Beyond Close Reading? Literary Studies in the 21st Century

October 8th, 2010

In the wake of a turn away from nation-based frameworks and toward more regional, transnational, and/or comparative approaches to literary studies, a number of literary critics have proposed alternatives to close reading, a fundamental part of literary studies in the United States since the rise of the New Critics to prominence in the middle decades of the twentieth century.

Franco Moretti’s and Peter Middleton’s calls for “distant reading,” the championing of “not reading” by Martin Mueller and Pierre Bayard, and the search for “communications circuits” pioneered by Robert Darnton are signs that people interested in books are actively working to develop approaches that can bridge a gap between New Critical fidelity to the page and the vast amount of material now available to be read.

If others are interested, I would enjoy the opportunity to discuss this work. Is something like a theory of “not reading” useful or is it only leading the humanities further down the path into obscurity and irrelevance? Where does technology fit in? What kind(s) of skills does one need in order to successfully “distant read” a text? The ability to construct visualizations seems to me to be useful. I’ve been exploring Processing, SIMILE Timelines, GoogleMaps, and ArcGIS in order to see what I might be able to learn about literary history using these tools. How have these tools worked for you?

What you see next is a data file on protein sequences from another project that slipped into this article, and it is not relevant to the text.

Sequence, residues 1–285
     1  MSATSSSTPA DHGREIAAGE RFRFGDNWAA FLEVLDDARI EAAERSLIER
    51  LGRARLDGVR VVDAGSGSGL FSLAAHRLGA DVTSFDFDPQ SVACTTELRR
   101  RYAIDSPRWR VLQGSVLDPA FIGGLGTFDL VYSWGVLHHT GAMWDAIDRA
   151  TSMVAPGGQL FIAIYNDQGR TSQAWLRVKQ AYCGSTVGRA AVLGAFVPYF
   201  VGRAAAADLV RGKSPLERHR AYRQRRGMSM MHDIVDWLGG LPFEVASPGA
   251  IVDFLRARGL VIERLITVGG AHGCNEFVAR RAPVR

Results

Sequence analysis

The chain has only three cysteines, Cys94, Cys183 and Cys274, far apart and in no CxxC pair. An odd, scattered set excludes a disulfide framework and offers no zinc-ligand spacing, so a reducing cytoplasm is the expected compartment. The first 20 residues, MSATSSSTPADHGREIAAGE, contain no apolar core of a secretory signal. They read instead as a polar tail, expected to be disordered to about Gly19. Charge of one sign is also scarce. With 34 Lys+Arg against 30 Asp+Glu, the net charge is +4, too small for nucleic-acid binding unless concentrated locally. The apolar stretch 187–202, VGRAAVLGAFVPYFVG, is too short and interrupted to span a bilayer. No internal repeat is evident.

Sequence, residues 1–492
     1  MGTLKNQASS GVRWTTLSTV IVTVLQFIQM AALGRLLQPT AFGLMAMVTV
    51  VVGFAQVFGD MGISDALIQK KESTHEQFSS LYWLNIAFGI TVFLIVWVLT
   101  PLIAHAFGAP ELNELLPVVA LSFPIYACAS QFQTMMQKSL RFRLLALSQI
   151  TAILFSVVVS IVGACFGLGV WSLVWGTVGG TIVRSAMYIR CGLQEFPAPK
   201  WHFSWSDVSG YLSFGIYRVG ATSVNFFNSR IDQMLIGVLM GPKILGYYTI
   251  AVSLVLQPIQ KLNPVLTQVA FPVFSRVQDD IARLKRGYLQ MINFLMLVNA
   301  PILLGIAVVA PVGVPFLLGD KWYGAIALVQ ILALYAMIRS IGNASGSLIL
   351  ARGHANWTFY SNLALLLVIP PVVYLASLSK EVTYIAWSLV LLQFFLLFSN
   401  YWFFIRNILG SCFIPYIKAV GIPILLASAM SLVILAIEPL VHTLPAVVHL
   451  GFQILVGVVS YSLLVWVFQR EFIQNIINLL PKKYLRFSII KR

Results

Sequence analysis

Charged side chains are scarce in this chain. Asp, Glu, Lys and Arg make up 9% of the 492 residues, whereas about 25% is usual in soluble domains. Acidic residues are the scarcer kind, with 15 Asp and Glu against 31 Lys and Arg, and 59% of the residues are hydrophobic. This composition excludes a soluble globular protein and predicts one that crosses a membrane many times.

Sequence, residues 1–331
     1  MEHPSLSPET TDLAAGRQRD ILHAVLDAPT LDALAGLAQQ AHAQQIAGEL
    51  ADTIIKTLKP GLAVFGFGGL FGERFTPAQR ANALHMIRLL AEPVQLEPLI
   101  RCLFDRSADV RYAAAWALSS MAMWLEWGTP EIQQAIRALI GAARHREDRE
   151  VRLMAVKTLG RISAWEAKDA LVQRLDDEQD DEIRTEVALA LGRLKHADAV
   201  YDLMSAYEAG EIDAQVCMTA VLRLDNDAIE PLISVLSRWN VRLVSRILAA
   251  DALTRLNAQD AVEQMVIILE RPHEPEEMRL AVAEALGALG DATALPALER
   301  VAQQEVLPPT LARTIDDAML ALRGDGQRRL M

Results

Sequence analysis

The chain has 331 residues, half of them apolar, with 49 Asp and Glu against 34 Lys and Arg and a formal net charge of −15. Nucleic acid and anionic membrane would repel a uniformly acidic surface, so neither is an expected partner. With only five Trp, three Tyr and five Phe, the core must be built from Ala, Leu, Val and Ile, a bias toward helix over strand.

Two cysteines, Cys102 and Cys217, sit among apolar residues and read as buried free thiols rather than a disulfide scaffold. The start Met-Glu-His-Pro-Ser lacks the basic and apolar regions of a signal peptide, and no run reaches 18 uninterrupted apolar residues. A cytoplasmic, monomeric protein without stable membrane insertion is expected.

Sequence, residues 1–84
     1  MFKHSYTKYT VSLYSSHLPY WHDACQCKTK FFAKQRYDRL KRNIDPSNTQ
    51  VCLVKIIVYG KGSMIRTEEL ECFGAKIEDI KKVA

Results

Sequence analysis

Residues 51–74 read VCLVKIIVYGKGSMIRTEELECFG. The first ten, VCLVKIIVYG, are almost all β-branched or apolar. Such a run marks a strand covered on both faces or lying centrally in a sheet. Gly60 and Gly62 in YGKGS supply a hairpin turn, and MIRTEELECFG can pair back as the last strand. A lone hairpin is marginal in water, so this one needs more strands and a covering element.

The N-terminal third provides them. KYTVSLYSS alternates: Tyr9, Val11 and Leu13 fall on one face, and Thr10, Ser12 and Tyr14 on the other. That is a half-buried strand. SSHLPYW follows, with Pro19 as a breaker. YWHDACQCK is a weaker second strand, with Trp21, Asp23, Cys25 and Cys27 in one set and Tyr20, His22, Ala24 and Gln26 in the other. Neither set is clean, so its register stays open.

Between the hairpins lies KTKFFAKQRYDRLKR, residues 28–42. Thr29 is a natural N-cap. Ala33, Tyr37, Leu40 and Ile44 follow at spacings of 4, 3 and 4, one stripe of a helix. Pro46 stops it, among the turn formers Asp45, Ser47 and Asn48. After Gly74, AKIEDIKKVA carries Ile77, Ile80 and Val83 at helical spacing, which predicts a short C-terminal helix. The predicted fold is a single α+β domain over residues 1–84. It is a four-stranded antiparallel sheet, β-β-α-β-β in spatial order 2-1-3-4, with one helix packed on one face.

4 Responses to “Beyond Close Reading? Literary Studies in the 21st Century”

  1. Katherine D. Harris on October 8, 2010 6:01 pm

    This definitely an interesting session proposal and one that I’d like to attend.

  2. Viola Lasmana on October 8, 2010 7:45 pm

    Hi Jeremy, I’d definitely be interested in attending this kind of a session. Though I do not have any direct experience in “distant reading” or text analysis using digital methods, this is an area which I’d like to get my hands dirty in and include in my future work.

  3. Francesco Spagnolo on October 8, 2010 10:23 pm

    I’d be interested in attending.

  4. Angela Veomett on October 9, 2010 1:08 am

    I’m also very interested in attending this session.

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